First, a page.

Fortunately, such moments are kept to a tasty minimum, lest this material starts to look like full, post-modern ironic horror burlesque (like Wes Craven’s Scream movies, not in a good way). Admittedly, the casting of Udo Kier, from Blood for Dracula as Murnau’s agent is a clever touch. And sublimely clever was Merhige able to obtain F.W. Murnau’s very own mechanical movie camera, courtesy of a museum archive. Yes, that’s the actual instrument used in the original Nosferatu that Malkovich is cranking away at.
Viewers familiar with the rather small oeuvre of director E. Elias Merhige doubtless know of his sense-stunning 1989 feature debut Begotten, a black-and-white, high-grain, dialogue-free, very nearly plot-free creation-myth-by-way-of Lynchian nightmare hallucination. It has hard-to-forget primal imagery of death/birth, mutilation, body fluids, torment…
Those thinking that Shadow of the Vampire would be an equally glass of strong tea must dial down expectations somewhat. Far tamer, for the most part, Shadow of the Vampire chooses to be less underground/experimental film (or crimson-stained Hammer gothic) and more faithful to the aesthete of early commercial cinema, where things tended to be stagy and lumpen, talky and mannered. Merhige’s pacing is somewhat haphazard, and – while he’s shooting in colour, I could have done with more scenes that didn’t register as underlit murk.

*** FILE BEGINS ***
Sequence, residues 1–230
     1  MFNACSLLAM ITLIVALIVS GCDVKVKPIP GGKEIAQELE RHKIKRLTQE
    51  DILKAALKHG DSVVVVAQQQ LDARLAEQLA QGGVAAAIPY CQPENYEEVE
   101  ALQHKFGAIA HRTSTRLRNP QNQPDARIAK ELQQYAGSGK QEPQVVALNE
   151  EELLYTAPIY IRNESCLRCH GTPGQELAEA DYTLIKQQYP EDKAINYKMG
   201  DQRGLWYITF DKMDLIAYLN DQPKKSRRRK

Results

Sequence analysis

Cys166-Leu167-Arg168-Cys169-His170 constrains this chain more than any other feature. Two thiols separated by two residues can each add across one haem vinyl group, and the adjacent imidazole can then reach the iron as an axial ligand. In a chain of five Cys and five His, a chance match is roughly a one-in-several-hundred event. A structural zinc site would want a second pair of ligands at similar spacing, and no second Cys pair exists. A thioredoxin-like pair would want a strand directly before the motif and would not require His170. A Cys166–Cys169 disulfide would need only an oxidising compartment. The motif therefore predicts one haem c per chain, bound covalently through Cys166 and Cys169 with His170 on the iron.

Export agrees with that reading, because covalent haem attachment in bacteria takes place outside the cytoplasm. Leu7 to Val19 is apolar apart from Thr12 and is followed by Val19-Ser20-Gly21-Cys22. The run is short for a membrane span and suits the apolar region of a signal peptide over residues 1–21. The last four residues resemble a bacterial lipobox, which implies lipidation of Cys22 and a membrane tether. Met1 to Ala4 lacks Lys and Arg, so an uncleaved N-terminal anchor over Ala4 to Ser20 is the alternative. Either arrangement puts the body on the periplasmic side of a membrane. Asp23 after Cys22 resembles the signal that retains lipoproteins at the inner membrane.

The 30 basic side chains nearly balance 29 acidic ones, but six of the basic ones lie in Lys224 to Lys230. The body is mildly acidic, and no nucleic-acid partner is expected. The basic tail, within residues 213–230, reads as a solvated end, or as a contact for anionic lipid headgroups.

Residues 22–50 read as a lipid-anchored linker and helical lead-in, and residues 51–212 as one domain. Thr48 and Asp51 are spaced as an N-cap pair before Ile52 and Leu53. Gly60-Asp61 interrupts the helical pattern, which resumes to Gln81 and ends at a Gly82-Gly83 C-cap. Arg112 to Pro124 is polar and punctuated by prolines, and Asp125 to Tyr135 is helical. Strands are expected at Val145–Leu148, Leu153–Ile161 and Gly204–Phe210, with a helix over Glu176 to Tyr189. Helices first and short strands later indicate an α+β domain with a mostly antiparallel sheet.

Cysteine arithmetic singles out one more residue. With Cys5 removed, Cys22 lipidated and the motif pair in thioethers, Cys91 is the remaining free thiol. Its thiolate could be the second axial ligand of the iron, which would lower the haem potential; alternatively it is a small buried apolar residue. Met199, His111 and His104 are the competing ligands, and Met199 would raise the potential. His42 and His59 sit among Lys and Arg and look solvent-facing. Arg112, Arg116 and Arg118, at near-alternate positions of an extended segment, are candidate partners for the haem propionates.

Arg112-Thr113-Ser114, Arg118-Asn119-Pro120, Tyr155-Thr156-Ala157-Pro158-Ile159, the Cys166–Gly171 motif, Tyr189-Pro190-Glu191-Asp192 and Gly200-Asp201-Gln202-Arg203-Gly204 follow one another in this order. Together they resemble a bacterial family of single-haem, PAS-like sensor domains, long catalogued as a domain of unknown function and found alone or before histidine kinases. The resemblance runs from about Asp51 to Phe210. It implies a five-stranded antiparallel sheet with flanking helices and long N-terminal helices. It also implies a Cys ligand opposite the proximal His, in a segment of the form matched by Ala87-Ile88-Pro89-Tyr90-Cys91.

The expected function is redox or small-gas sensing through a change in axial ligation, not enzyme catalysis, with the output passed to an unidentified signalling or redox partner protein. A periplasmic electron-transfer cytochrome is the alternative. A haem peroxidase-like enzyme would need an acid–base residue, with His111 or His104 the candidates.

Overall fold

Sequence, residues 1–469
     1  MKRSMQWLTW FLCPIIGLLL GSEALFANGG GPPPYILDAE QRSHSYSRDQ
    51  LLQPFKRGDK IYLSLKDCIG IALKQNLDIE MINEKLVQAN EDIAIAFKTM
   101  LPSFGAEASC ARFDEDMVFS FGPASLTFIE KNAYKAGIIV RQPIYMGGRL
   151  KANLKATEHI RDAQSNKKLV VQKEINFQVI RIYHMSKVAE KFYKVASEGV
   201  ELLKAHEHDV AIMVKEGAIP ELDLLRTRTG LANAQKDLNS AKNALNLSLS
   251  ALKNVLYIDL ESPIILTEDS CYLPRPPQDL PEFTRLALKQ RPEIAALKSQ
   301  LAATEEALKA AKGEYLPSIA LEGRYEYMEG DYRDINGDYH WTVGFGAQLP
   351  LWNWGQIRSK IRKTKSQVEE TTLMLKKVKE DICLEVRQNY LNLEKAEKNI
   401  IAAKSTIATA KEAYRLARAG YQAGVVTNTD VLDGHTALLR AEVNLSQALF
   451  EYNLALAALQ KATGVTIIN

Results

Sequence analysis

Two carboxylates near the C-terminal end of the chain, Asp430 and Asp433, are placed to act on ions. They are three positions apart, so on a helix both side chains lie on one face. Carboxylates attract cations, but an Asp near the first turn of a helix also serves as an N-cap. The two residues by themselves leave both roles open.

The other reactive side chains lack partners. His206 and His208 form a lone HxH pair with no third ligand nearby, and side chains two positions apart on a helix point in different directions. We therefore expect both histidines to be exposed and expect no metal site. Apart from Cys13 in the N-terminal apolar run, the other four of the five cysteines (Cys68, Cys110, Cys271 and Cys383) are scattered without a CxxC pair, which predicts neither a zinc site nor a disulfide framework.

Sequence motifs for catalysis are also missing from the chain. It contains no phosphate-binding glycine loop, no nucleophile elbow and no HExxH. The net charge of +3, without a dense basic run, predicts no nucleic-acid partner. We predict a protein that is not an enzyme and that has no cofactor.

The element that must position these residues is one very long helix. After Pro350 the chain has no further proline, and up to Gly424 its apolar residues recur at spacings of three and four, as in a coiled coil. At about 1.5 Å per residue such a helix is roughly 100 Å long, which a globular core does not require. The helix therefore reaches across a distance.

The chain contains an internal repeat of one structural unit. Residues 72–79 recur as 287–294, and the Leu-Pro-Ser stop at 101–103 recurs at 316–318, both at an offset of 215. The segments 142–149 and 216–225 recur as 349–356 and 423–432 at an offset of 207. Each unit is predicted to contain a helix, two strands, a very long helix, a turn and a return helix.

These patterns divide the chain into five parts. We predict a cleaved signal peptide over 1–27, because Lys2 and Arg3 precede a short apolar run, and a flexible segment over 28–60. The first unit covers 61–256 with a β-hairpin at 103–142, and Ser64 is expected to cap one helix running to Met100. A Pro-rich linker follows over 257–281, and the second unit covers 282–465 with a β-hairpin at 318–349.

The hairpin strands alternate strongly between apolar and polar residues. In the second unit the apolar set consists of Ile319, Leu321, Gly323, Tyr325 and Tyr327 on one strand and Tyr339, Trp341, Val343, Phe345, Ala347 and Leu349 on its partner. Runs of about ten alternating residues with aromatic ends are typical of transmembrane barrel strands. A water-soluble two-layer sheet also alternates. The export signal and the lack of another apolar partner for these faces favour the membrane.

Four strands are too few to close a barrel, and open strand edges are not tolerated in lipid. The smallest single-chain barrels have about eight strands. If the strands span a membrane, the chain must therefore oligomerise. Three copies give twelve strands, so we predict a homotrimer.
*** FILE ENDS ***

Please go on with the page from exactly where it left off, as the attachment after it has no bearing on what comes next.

The real Max Schreck, a German actor quite unrecognizable without his ghastly Count Orlock getup, was no vampire (and died in 1936). Other actors (especially Klaus Kinski) have tried to recreate Schreck’s macabre makeup and gestures; my minority opinion is the best was a nonspeaking Reggie Nalder as the hideous master vampire Barlow in Tobe Hooper’s TV-movie adaptation of Stephen King’s Salem’s Lot. In contrast to suave continental types portrayed by Bela Lugosi and Christopher Lee (let’s not even go near Twilight, okay?), these rat-faced horrors really look like ghouls condemned to feast in cemeteries for eternity.